Tuesday, October 6, 2015

Mean Crow-s/t; Limited edition cassette/Digital download, Ross Hammond Bandcamp, 2015

A few weeks back, Disaster Amnesiac got into a pretty interesting conversation with a local business owner about our mutual love of Jazz. He told me about his trips to Monterey and Montreal Jazz Fests, and I told him about the rich, vibrant Northern California underground scene. The look of incredulity that he gave me was both heartbreaking and instructive. Heartbreaking, because I realized that he just did not believe me when I told him about how many great Jazz/Improvisational musicians this area has, and instructive because, after thinking about the interaction, I realized how much work must be done to let Jazz fans about said scene.
One can't say that Ross Hammond isn't doing his share of this undertaking. Take a glance at his bandcamp page, and you'll surely get my drift. Along with showcasing his own work, he also runs the great Gold Lion Arts organization in Sacramento, where he organizes shows and puts on educational and art events. Ross is WORKIN'!
Working, too, is the sound of Mean Crow. This trio features Hammond on guitar, Luke Stewart on bass, and Nate Scheible on drums. Together, they explore some seriously deep Jazz and improvisational spaces.
The set, recorded in late 2014 in Washington D.C., starts off with some the group playing collectively long, arcing tones, with an almost Industrial Jazz feel, before spinning of into a typically heady solo from Hammond. Disaster Amnesiac has enjoyed the simple approach of his aesthetic, and the myriad voices that he coaxes from just strings, neck, pickups, and amp. Ross continues to grow his sound; from a quite simplified base, he manages to produce an overwhelming array of tones and moods. Stewart and and Scheible most definitely keep pace with him. Their tight rhythm section actions cooks, boils, whirls and blazes around the guitar speak, with big, plummy bass tones and quick sticking/foot action on the traps. Stunning trio action herein! The only quibble I have is that its side cuts off right as Ross seems to be delving into another great statement. Dude, frustrating!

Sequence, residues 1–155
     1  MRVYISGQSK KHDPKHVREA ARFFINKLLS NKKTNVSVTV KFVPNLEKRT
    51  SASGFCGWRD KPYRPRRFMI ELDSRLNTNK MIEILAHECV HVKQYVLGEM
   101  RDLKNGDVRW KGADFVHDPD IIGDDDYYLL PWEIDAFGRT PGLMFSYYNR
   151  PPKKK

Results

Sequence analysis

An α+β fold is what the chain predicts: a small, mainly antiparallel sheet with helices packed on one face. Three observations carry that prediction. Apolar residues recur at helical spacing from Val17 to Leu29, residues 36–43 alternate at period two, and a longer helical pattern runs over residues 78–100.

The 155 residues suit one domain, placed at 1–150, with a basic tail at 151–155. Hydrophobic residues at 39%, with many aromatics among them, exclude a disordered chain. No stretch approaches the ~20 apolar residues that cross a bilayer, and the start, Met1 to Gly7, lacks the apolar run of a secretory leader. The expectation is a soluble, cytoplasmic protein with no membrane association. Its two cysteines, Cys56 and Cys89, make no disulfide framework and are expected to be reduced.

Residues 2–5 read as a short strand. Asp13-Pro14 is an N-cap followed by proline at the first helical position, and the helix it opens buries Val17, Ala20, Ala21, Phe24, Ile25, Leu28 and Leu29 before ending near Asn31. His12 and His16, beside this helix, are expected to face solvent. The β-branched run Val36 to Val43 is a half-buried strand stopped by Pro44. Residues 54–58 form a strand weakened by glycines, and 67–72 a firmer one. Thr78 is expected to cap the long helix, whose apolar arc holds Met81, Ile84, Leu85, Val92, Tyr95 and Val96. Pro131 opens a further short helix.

Thankfully for the attentive listener, side two continues with their sublime trio dynamics, with some hot slide guitar action following after the initial bowed bass eloquence of Stewart's playing. Scheible also impresses mightily with his brush chops, which are quick but by no means un-present within the action. This leads back to more full trio Harmelodic conversation, the group back in all-out STUN mode as the tape concludes, Mean Crow walking the listener out the door with a seriously bangin', funky, aural kick in the ass.
I could go on and on: Mean Crow's release is the kind that begs for the moment by moment enthusing that characterizes many a music fan. Disaster Amnesiac will just advise: find it and listen to it! If you're at all interested in Jazz or improvised music, I promise that you won't be disappointed.
Would that guys like the business owner that I mentioned be able to acknowledge talented voices when they hear, or even hear about, them, regardless of their status. Disaster Amnesiac feels happy to be able to do so, as I am always happy to hear new sounds from Ross Hammond and his various groups.

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